Official UK debt now stands at more than £1.8 trillion – we will see £2 trillion in no time at all. But the official number does not account for taxpayer liabilities such as unfunded state and public pensions and nuclear decommissioning – taking these into account, the TaxPayers’ Alliance put the official liability the UK faces at £8.6 trillion. And that was in 2015 – I dread to think what that figure is now.
That’s what the world of free gets you: austerity was a sham. But it felt “brutal” because spending is so out of control that even a small reduction in the rate of increase feels like a nightmare.
Where does this leave us?
Well, I’ll make a prediction for you right now. The UK’s national debt is going to crash through £2 trillion faster than anyone realises. Anyone suggesting we live within our means will be crucified at the polls. Our politicians will compete to offer as much stuff as they can.
Conservatives, Labour, the Lib Dems – they’ll all do it. Public spending will explode. Our debts will spike. People will enjoy it… until they realise that our national finances are in an irredeemable mess.
What can you do?
It’s easy to despair. That’s why Tim and Boaz have decided to do something constructive. They’re fighting back and they need your help. Their petition to the government to bring some sanity to public spending launches today. It may or may not work. But it’s important that someone stands for reason and gives people who’re worried about our vast and increasing debts can make themselves heard.
Here’s the petition in full:
UK government debt now stands above £1,700,000,000,000. This madness has to stop – we must protect our children from the price of this addiction to debt and overspending.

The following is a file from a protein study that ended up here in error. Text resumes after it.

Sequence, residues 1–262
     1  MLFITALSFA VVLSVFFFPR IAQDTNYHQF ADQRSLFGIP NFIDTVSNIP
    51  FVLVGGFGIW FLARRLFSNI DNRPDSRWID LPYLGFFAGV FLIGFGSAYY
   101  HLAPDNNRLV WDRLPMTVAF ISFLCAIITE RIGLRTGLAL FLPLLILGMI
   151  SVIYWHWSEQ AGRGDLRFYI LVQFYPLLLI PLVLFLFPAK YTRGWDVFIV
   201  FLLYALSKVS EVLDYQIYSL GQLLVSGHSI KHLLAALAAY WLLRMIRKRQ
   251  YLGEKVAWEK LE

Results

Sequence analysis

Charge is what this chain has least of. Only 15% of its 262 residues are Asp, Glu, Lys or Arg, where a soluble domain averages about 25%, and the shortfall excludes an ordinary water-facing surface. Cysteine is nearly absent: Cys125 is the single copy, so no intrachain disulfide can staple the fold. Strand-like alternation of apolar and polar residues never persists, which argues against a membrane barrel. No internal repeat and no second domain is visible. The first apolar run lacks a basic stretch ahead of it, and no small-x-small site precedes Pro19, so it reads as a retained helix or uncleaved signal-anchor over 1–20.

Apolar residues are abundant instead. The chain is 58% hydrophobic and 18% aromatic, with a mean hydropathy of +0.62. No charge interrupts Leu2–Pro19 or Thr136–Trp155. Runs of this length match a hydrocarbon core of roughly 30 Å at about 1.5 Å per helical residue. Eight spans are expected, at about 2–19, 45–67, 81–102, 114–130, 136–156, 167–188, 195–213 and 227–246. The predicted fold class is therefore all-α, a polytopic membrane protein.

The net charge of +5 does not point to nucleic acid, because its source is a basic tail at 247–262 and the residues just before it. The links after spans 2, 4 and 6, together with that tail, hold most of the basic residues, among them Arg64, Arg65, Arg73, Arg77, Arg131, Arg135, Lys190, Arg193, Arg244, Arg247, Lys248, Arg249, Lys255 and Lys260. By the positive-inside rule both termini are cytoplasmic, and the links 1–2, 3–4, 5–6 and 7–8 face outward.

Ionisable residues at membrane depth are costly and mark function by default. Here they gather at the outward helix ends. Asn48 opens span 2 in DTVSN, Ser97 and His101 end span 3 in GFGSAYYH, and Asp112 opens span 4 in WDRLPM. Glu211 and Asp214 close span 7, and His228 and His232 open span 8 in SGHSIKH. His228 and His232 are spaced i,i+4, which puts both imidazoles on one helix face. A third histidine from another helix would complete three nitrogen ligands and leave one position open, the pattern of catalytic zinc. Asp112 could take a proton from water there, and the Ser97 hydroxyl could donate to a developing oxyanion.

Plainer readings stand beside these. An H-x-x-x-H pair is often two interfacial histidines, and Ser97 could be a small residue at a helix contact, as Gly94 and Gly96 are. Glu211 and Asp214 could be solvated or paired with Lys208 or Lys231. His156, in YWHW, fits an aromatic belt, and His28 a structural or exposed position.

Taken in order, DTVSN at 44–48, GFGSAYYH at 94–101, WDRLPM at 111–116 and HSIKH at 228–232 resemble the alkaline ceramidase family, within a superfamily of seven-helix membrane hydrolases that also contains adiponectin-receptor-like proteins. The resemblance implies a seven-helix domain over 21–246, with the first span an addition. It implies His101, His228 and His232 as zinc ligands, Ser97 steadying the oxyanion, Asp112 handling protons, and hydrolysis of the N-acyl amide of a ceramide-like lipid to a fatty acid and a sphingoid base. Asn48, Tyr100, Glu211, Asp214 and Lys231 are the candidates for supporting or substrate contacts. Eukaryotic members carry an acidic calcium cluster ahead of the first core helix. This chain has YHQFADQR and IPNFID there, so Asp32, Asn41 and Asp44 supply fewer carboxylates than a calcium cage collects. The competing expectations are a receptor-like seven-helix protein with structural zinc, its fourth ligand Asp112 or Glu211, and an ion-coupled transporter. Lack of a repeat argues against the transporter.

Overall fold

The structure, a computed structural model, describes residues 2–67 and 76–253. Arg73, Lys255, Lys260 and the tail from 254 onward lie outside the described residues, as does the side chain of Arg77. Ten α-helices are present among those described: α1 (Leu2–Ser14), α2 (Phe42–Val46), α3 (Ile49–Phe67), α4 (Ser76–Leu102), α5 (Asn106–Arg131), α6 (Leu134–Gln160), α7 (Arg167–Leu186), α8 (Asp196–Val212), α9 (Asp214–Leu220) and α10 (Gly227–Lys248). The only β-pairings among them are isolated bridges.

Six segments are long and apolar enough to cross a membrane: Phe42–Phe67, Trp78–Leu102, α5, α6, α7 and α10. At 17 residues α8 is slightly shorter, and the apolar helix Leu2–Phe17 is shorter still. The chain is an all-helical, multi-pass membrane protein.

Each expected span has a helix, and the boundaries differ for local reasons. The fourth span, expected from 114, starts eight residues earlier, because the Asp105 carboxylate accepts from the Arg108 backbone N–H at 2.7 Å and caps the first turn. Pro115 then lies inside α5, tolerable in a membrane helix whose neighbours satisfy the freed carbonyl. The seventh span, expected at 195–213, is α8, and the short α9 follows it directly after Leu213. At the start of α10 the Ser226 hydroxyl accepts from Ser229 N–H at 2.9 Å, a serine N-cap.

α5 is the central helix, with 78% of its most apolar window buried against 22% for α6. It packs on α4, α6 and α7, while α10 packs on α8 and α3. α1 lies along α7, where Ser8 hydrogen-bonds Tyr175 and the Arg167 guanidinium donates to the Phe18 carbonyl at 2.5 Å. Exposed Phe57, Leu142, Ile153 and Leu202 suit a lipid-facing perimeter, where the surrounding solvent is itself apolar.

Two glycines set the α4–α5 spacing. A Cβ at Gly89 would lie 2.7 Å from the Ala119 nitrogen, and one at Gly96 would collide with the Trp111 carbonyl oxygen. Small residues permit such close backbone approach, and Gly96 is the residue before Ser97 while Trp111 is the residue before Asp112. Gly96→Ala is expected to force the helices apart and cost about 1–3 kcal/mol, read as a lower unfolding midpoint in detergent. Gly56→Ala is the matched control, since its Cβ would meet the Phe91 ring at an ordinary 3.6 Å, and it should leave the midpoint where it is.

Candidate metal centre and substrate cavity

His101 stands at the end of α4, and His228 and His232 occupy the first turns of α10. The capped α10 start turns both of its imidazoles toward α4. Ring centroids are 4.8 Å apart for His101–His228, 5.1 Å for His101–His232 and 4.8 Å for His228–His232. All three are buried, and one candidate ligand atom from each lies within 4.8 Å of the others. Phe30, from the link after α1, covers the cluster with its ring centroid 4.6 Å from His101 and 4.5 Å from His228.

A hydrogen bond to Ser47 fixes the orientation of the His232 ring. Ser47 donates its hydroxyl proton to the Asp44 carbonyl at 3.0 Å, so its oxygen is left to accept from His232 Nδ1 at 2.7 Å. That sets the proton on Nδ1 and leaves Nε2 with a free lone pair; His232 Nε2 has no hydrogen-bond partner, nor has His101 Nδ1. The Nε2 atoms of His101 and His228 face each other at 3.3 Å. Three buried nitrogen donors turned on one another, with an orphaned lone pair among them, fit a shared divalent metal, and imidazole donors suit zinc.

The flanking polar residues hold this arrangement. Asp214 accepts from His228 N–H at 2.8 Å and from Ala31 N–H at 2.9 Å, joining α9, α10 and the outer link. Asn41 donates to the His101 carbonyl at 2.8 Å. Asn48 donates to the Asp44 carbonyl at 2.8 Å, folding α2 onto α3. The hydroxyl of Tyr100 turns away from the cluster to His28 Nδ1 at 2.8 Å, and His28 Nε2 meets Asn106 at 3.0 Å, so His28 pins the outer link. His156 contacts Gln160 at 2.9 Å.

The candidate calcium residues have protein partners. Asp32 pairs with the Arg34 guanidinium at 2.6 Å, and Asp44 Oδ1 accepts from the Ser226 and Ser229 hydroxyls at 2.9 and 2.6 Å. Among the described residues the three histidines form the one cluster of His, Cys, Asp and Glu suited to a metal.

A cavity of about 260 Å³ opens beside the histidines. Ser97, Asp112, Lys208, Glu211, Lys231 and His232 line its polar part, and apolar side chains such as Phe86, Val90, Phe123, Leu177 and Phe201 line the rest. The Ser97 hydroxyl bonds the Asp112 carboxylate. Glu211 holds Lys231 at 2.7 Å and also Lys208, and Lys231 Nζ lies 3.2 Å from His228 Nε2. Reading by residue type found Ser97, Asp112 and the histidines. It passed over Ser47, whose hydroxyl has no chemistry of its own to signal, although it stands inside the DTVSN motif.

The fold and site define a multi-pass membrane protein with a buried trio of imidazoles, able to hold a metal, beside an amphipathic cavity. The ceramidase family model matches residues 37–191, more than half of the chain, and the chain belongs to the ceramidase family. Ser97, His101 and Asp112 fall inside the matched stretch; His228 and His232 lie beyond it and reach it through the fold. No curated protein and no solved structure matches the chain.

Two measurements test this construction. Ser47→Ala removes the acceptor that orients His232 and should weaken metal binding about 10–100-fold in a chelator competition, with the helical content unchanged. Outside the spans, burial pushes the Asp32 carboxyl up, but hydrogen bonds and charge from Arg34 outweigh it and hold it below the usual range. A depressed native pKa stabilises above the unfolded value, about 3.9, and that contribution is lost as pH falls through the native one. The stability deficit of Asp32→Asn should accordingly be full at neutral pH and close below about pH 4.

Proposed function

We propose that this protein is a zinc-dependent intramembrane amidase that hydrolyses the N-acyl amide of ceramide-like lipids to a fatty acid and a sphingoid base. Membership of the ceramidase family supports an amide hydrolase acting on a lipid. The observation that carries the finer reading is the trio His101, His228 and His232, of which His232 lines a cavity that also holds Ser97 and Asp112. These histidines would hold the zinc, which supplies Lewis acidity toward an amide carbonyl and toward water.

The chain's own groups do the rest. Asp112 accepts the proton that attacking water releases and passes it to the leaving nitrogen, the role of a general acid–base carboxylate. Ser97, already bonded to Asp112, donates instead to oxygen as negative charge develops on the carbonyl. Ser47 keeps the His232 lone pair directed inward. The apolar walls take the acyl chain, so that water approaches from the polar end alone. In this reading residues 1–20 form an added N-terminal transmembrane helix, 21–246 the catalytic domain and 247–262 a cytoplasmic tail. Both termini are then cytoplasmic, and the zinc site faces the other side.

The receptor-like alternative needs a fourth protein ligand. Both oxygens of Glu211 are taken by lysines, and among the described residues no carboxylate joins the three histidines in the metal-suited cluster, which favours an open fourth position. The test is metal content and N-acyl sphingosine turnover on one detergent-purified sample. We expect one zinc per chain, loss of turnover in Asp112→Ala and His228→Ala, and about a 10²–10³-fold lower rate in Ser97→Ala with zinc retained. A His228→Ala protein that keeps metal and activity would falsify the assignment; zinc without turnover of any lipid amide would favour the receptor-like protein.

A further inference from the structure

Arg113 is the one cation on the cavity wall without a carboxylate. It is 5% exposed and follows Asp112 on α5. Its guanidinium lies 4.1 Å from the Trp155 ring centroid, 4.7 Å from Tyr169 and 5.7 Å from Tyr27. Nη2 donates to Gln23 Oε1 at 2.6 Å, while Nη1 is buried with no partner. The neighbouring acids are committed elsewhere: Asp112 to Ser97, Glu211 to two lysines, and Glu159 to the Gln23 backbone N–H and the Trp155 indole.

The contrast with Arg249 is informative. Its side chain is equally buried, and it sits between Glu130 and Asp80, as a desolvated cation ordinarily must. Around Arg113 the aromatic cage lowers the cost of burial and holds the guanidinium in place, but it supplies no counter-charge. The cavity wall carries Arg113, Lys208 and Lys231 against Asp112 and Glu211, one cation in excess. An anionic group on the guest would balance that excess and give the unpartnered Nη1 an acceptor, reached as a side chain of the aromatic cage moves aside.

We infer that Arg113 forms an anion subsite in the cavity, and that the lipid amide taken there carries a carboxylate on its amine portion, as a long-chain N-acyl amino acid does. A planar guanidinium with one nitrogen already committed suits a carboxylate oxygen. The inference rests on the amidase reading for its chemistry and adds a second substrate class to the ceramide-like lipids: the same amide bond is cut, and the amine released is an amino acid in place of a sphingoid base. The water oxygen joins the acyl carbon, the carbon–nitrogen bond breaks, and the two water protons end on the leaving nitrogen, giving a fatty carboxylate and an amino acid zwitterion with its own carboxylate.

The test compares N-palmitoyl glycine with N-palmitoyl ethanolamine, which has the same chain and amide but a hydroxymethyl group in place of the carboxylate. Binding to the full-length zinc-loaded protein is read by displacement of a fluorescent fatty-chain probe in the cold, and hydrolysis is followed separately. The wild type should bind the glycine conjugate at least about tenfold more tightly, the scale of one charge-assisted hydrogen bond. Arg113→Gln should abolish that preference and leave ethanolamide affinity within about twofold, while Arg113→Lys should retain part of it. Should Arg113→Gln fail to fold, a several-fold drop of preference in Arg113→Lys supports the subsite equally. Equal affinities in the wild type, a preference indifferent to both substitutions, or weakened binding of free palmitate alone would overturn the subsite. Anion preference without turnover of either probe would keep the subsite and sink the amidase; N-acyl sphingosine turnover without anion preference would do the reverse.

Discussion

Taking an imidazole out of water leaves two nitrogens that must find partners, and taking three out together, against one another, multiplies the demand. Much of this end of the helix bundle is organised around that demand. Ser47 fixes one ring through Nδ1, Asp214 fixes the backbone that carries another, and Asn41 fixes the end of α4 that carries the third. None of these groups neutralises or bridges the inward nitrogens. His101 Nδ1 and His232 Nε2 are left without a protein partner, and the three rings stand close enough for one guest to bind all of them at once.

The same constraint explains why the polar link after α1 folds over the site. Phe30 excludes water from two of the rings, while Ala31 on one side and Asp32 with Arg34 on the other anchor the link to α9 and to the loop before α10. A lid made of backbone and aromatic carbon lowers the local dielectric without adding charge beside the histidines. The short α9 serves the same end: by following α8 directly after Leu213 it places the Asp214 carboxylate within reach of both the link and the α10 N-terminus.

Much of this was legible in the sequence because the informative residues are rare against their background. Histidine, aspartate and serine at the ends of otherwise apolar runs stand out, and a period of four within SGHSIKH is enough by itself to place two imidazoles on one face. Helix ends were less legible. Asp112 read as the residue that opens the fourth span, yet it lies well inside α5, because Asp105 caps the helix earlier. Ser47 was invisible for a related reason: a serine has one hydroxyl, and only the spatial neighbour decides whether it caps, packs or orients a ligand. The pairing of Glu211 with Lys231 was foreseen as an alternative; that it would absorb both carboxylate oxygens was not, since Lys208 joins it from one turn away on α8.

We the undersigned, as concerned citizens of the United Kingdom, believing in sound money and responsible public finances, do call on the Office for Budget Responsibility to:
- Produce a clear plan to reduce the government debt and live within our means with a properly balanced budget.
- Legislate to introduce a debt ceiling to prevent our public debt increasing beyond £2 trillion.
And you can sign it here.
Are you in?
I’m on email@example.com.
Have a great weekend.
Publisher, Capital & Conflict
PS We’ve already had some great feedback on this project. If you agree with us, let us know what you think and why you’re choosing to support the campaign. Here’s a sample of what we’ve already received:
As well as your ideas, I think we also need some education and some discussion about what sound money is, and why governments should not be allowed to borrow and print. Central banks created this mess with ultra loose interest rates, and yet they are still in charge and go unchallenged, as they go from one mess to the next.
We need a discussion about whether the British people deserve sound money, and if they do, why they haven’t got it.
I don’t remember any manifesto where I voted for money printing, or for interest rate manipulation. So why does the government allow the central bankers to do this?
I couldn’t have put it better myself. Here’s another:
I would support this, as I suspect would anyone with even the faintest understanding of public finances.
I would add something about all manifesto commitments being independently priced alongside the independently costed measures that would be put in place to pay for said commitments. Any manifesto judged to not deliver the above will be independently communicated to the electorate.
Ditto – all future budgets.